In 2005, the government of India released a postage stamp in Bose’s honor. The stamps were first issued by the Indian Postal Service on 26 January 2005, at the Agrasen ki Baoli in New Delhi.
Who is Subhash Chandra Bose?
Subhas Chandra Bose (1883-1945) was a pioneer of modern India. He rose from the streets of Calcutta to the Indian political limelight. He made the Indian nation proud. He fought valiantly in the freedom struggle for Indian independence. He left his people with a legacy of national pride and patriotism. In this feature, we look at the life of Subhas Chandra Bose.
Subhas Chandra Bose was born on the 23rd of September 1883 at Sarangarh in the district of Jalpaiguri in West Bengal. He was the youngest of three children and belonged to the Bose family of Orissa. His father was Suryakanta Bose and his mother was Chandranandini Devi. His siblings included Shailaja Devi, Sisir Bose, Ramjan Bose, and Krishna Bose.
There is hardly any doubt that Subhas Chandra Bose was a product of his environment. His father was a landlord of modest income and the family had lived in the same ancestral property in Sarangarh for centuries. But his grandfather, Jagadish Chandra Bose was a reformist. He was a member of the Brahmo Samaj, the first organization to promote communal harmony. The family of Bose hailed from Odisha, which was ruled by a King called Jagadish Chandra Bose. Jagadish Chandra Bose was of the opinion that Hinduism, Buddhism, and Islam all were equally good, which was a very alien thought in those times.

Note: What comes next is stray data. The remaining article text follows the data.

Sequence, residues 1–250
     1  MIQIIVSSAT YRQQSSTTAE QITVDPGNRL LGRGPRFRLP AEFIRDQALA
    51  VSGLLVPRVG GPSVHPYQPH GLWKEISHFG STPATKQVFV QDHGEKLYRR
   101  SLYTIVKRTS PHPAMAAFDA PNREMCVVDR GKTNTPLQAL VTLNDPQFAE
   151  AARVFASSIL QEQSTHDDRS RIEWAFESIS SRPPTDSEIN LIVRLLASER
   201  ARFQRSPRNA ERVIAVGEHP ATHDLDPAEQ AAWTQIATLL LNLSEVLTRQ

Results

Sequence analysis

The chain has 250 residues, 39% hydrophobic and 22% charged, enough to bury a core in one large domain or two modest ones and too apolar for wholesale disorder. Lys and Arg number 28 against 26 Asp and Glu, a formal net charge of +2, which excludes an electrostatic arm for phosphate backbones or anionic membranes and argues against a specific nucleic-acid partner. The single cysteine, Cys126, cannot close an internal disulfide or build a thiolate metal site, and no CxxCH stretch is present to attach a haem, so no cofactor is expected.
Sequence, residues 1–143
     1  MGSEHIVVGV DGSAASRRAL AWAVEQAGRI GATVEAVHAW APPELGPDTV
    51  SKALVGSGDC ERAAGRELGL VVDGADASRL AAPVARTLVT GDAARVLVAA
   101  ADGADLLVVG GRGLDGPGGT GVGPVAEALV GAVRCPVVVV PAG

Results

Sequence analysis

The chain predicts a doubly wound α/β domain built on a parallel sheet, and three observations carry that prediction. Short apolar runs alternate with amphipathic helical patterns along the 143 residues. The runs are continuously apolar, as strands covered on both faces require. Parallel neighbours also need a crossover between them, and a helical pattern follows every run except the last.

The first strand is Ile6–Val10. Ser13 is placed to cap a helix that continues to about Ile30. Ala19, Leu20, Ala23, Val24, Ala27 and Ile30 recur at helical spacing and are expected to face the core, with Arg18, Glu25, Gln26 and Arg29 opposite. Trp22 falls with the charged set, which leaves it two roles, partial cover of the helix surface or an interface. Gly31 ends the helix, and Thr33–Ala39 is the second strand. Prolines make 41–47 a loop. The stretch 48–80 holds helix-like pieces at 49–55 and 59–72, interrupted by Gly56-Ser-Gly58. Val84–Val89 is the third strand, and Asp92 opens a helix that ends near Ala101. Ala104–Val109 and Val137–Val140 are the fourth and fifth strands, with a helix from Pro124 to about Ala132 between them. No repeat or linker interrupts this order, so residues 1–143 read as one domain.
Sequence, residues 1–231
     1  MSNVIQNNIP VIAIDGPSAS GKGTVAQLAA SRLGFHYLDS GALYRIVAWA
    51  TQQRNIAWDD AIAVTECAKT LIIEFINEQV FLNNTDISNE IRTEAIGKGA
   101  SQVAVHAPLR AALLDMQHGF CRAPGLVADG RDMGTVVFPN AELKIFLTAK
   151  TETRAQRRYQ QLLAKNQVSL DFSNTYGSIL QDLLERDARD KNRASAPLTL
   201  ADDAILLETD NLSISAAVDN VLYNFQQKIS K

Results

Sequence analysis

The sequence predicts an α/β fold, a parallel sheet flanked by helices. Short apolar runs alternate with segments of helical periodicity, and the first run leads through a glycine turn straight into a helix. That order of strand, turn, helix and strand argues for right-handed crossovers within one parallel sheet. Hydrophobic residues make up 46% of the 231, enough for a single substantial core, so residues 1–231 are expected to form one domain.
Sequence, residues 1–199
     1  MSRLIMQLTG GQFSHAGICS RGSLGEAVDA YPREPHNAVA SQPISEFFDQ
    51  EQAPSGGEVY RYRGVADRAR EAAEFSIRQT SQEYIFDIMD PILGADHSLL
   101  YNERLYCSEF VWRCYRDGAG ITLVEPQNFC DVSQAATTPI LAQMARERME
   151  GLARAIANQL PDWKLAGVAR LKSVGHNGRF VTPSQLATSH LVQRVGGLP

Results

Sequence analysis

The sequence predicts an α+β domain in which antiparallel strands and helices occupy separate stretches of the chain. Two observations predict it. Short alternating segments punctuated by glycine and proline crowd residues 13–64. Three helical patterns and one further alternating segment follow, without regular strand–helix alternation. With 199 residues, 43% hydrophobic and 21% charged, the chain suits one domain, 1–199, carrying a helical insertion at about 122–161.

Bose, a follower of Jagadish Chandra Bose, studied at the Presidency College, Kolkata, and joined Calcutta University as a student of philosophy in 1907. He got his Ph.D. from the University of Calcutta and then he worked as a teacher at the Anglo Bengali School in Ballygunge, Calcutta. At this time he came across the teachings of George Santayana and G.K. Chesterton. Santayana was a philosopher, who had been an eminent scholar, but he had been a teacher and not a full-time philosopher. Bose met G.K. Chesterton through the English writer H.G. Wells and became a disciple of his. Both these men had been greatly influenced by the doctrines of Mahatma Gandhi. Bose saw in G.K. Chesterton’s views a practical guide to life and Gandhi’s own views of truth, peace, and non-violence. All this had a big impact on Subhas Bose, who adopted their views. Bose, also became a close friend of J.C. Bose, who was a noted author and had been a pioneer in the field of psychology.